An effective vibration isolator (VI) strategy isolates payloads from vibration sources by introducing compliance. Passive isolators are low cost and easy to install but are
tuned to a specific vibration spectrum, and rapidly lose effectiveness if the design point shifts. In contrast, adaptive vibration isolators using magnetorheological fluids (MRFs) continuously
adapt to changing vibration spectra by adjusting a magnetic field using an appropriate control algorithm. Traditional fabrication methods using injection molding are economical only when
large numbers are produced, which precludes customizing VIs for a specific available jitter space, natural frequency, or static displacement. 3D printing is advantageous for a
magnetorheological vibration isolator (MRVI) because designs can be customized: the shape of the hydraulic rubber reservoir can be economically customized to meet the requirements of
a specific application by tuning such properties as axial stiffness, bulge stiffness, diameter, height, and Shore hardness of the membrane wall. The MRVI, which is a squeeze-mode device,
consists of a reservoir or rubber bellow with customizable stiffnesses, a plastic lid which houses an electromagnetic coil, and an MRF (Figure 1). The rubber bellow and plastic lid were
fabricated using a Masked Stereolithography (MSLA) 3D printer. The electromagnet was mounted onto the lid, the reservoir was filled with an MRF, and the lid was twisted onto the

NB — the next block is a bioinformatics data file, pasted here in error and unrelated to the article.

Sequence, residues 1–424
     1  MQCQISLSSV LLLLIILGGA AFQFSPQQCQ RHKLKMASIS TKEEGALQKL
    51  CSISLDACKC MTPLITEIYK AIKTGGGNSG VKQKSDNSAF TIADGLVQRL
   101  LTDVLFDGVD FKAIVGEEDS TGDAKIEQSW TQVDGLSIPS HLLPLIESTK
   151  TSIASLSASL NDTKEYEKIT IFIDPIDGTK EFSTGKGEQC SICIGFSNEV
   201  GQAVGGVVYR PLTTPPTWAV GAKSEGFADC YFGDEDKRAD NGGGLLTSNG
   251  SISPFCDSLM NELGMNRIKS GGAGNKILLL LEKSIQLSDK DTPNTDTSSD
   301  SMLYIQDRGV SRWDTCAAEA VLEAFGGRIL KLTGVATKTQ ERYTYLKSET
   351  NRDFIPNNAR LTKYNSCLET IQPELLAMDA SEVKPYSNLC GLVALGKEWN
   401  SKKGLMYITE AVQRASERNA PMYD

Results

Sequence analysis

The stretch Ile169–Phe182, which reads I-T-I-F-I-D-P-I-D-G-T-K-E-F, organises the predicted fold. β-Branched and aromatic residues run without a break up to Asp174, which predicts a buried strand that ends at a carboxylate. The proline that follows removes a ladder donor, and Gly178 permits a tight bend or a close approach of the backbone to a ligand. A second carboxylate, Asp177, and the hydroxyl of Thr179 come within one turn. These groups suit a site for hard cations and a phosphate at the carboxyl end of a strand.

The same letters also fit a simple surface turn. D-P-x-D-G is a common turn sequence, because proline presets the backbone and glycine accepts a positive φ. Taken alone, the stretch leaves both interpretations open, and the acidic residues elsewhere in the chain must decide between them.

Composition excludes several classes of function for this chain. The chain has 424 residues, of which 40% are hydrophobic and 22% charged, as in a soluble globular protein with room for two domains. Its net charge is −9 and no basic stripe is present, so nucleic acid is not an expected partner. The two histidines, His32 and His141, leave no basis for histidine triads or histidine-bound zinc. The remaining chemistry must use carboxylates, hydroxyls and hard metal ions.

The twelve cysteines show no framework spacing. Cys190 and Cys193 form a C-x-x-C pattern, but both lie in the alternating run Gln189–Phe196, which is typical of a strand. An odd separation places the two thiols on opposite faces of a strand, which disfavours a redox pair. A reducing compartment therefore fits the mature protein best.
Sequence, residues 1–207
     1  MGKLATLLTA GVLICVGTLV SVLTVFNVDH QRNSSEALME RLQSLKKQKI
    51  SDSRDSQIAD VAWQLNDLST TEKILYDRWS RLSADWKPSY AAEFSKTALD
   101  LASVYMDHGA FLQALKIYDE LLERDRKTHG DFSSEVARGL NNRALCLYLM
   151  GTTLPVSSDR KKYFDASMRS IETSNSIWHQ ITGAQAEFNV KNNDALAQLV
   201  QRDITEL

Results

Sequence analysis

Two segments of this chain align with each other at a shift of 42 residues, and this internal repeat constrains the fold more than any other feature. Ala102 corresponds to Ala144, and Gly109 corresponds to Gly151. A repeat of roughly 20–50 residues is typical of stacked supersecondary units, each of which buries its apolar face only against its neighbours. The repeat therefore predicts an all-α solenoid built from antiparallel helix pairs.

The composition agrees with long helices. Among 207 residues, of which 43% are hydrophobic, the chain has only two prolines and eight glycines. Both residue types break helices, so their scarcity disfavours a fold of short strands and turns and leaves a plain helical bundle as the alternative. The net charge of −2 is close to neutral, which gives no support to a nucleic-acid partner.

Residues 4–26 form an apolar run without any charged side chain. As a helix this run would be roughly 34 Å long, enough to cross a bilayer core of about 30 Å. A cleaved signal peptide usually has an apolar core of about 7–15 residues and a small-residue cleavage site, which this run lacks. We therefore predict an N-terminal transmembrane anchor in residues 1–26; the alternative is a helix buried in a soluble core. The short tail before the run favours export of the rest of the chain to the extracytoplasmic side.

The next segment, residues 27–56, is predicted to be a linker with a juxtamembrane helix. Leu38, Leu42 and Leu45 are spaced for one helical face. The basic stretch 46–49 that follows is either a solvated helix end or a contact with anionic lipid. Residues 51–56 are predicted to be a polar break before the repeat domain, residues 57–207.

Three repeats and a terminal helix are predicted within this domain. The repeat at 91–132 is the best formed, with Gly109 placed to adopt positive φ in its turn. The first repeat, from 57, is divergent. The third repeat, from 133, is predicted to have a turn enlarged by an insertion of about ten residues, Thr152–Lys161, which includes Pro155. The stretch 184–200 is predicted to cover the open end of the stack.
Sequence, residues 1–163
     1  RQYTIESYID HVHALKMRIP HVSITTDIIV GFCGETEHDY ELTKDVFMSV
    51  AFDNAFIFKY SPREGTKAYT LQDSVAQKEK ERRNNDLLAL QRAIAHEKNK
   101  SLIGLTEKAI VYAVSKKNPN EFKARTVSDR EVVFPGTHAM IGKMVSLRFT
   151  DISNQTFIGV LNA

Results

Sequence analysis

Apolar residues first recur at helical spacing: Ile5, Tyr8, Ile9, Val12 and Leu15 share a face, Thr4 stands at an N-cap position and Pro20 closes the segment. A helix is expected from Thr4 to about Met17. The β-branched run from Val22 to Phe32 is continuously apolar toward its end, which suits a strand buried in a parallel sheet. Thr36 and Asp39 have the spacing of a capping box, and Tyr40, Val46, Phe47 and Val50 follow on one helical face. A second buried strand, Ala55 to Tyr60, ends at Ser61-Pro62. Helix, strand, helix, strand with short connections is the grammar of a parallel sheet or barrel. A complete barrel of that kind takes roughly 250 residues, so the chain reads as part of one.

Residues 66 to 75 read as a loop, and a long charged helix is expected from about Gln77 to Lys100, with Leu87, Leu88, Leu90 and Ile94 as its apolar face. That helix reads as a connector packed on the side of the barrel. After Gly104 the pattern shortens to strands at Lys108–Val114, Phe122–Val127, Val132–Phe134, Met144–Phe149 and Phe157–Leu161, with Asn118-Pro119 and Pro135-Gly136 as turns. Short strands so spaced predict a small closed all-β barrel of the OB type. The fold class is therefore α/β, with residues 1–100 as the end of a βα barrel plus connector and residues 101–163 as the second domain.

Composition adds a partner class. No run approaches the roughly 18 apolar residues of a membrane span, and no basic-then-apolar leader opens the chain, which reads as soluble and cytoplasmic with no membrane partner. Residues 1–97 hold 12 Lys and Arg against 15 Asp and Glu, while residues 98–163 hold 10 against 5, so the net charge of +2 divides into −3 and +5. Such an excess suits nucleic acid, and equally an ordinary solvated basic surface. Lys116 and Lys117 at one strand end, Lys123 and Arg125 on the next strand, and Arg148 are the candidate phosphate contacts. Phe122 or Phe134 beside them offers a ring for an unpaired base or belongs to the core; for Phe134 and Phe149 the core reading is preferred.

reservoir using a large thread. Using a testing machine, the damper forces of the 3D-printed MRVI were measured under constant velocity conditions for different magnetic fields. From
these tests, the magnetic field-controllable performances such as the dissipated energy and the dynamic force range of the MRVI were obtained (Figure 2). The feasibility of the 3D-printed
MRVI was experimentally confirmed. In addition, using 3D printing, and by selecting Shore hardness of the material, wall thickness, bellow shape, and MRF Fe particle volume fraction, a
broad range of VI applications can be addressed with this design methodology.
- S. Kaul, “Modeling and Analysis of Passive Vibration Isolation Systems,” Elsevier, 1st Ed., 2021, DOI: 10.1016/C2019-0-00013-1.
- M. Brigley, Y. T. Choi and N. M. Wereley, “Experimental and Theoretical Development of Multiple Fluid Mode Magnetorheological Isolators,” Journal of Guidance, Control, and
Dynamics, Vol. 31, No. 3, pp. 449-459, 2008, DOI: 10.2514/1.32969.